Fixing The Bug: Implementing Ed-Tech Development Programs
There has arguably never been a single event in the history of the world that has put a spotlight on ‘digital education’, more than the ongoing COVID19 pandemic has. However, leveraging technology for education is not a novel idea born out of the 2020 crisis.
The acknowledgement of the efficacy of technology-enhanced education has been held in high regard since the 20th century. The pandemic has only bent and twisted the backbone of various education systems globally and while flexible systems are adapting to its challenges, frailties in other systems are being widely exposed. So, while we now look around and hear conversations about education technology as the equaliser ‘solution’ in societies that can afford it, we lie on the other side of the hurdle with a lesson or two on how to ‘fix the bugs’ in implementing ed-tech programs in a “developing” context like India, where technology adoption could itself be a challenge.
The Digital Divide
The first and most obvious challenge in implementing wide scale ed-tech programs in a developing context like India is the ‘digital divide’ between classes. Students in rural areas (who are intended to be the biggest beneficiaries of most digital education technology programs) are the ones who lack proper infrastructure (mobile phones, internet connectivity, etc.) that prevent them from availing benefits from these programs, even if they are seemingly offered for ‘free’. In addition, is the related problem of the unavailability of electricity, where only 47% of households in India receive electricity for more than 12 hours a day.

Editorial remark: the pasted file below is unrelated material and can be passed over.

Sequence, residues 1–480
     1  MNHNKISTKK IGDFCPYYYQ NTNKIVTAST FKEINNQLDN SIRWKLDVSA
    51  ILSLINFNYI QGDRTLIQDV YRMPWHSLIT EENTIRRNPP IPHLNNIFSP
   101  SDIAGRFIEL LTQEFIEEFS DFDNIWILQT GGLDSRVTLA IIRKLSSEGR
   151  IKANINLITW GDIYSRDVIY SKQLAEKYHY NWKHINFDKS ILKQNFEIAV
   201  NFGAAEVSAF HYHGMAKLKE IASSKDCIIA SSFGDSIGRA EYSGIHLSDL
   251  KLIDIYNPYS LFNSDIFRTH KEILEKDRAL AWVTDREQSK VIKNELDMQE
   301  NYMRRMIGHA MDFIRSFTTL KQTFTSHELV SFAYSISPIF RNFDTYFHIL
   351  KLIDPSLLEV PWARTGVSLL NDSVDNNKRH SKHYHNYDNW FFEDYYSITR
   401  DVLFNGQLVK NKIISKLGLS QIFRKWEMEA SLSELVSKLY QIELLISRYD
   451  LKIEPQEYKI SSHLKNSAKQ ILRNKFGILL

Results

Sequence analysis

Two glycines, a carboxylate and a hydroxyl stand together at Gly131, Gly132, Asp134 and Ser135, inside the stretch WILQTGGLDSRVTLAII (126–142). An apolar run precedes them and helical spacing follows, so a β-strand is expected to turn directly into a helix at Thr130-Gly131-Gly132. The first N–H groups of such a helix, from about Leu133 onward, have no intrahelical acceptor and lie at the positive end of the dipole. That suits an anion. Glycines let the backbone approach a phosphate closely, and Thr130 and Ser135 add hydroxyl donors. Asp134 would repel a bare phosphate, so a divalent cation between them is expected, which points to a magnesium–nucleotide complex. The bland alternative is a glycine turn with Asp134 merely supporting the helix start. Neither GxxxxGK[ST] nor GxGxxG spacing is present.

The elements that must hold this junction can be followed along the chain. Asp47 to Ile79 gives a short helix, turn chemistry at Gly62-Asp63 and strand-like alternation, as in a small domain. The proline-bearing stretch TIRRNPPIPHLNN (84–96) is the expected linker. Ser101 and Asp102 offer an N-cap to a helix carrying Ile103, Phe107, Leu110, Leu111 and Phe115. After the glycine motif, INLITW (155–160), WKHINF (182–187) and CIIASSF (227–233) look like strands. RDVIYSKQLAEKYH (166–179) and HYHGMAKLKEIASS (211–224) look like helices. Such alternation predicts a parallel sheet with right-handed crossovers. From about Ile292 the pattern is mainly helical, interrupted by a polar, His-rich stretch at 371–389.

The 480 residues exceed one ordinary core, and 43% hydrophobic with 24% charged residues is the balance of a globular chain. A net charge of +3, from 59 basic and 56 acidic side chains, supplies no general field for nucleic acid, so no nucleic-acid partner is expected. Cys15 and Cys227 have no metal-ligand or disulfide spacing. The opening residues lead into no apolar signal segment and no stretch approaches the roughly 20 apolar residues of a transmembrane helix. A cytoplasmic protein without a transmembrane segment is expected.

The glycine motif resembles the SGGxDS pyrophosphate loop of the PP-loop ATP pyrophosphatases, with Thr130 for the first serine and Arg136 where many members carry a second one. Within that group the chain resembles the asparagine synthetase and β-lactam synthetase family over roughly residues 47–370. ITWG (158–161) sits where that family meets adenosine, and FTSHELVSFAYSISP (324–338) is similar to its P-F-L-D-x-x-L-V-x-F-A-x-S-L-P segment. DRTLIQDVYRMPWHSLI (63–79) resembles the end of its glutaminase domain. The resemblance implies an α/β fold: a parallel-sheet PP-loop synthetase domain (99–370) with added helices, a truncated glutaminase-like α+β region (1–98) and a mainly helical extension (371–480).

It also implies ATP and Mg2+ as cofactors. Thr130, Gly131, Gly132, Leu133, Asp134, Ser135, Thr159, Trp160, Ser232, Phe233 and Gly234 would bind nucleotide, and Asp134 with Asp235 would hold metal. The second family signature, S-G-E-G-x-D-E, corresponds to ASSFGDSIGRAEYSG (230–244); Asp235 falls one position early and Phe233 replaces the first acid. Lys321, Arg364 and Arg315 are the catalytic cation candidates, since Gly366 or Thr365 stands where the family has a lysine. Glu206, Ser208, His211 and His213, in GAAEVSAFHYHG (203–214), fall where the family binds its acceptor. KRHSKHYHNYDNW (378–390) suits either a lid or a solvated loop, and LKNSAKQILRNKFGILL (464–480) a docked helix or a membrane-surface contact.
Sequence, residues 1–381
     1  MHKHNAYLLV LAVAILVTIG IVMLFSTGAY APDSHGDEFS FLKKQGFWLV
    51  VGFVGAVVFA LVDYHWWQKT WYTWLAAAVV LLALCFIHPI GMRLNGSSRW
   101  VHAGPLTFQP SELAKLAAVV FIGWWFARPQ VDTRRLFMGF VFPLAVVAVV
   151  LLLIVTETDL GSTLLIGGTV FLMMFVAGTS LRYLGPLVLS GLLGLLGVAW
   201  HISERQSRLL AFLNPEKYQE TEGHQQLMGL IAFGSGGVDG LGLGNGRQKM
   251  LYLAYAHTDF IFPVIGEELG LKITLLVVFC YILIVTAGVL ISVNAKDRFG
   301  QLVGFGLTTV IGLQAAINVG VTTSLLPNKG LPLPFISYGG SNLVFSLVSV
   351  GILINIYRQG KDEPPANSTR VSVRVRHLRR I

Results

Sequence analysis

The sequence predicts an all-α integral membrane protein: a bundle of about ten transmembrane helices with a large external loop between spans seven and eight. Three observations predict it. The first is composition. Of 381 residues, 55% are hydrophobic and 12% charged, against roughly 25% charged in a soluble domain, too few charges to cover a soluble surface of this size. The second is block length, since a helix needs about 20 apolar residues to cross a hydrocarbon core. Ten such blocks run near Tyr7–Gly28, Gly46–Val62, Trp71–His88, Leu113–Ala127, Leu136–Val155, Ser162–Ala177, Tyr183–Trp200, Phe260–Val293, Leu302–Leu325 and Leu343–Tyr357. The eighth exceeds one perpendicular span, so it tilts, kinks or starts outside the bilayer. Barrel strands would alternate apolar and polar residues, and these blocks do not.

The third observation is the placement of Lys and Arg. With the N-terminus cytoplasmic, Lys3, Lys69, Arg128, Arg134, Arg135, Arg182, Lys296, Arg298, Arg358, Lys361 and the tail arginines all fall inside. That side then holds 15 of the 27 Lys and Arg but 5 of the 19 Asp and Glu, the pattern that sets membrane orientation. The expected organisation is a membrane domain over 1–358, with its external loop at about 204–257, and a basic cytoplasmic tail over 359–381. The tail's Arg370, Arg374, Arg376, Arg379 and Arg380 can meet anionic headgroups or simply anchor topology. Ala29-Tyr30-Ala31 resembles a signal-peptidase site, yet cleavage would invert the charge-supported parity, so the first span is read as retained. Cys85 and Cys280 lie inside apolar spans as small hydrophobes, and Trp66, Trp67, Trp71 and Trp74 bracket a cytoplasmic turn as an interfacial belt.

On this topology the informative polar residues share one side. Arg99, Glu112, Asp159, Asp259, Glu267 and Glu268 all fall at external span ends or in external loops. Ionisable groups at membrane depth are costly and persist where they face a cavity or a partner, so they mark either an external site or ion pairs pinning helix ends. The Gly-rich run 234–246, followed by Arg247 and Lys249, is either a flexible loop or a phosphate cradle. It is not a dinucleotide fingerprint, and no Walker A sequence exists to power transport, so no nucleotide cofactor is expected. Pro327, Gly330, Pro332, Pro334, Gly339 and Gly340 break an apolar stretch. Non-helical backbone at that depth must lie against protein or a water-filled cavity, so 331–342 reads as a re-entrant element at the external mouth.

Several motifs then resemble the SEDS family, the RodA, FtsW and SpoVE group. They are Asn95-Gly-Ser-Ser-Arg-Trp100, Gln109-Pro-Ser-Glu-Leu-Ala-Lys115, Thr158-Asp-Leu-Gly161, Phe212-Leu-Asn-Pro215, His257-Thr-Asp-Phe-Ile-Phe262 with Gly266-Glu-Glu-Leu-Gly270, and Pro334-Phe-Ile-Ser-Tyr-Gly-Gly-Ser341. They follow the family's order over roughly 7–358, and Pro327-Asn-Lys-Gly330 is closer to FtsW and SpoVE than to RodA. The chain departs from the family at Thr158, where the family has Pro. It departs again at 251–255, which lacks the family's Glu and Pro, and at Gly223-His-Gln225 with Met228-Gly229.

Our Solution To Overcoming A Lack of Preparedness
Apart from challenges of the targeted beneficiaries of digital education technology, the students, the ongoing COVID19 pandemic has also uncovered the lack of preparedness and training of facilitators of education via technology. So, while some societies smoothly transitioned into online classes during the lockdown, in most parts of India, teachers were not technically trained on how to use technology to deliver lessons and thus, the educational outcomes of students suffered. Our program at Turn The Bus mitigates this challenge by directly delivering quality educational content via digital platforms to students in need and we believe that this is a solution that is effective, without being overly dependent on emergency preparedness of human resources in education.
Behavioural Change Is Essential To Technology Adoption
Finally, the most pertinent challenge for adopting and implementing digital education technologies in developing countries stems from the very assumption that households would automatically adapt to them. Even if there is availability of mobile phones and internet data in a household, cultural barriers may prevent students from fully utilising these resources to achieve their set objectives. For example, parents may not allow their children to spend multiple hours on their phones as they do not relate to this form of education to more traditional classroom education. To overcome this challenge, programs need to go beyond just direct primary beneficiaries and prioritise the local community and context to bring about important behavioural changes that would better facilitate the adoption of digital education in the local context.
Where technology is mostly celebrated as a ‘bridge’ that closes gaps between economically polarised communities, we need to be aware of how even this apparent solution can itself pose a challenge in developing contexts. The first step then, in resolving such challenges, lies in constantly reflecting on and amending one’s own assumption of the world and its very much subjective realities.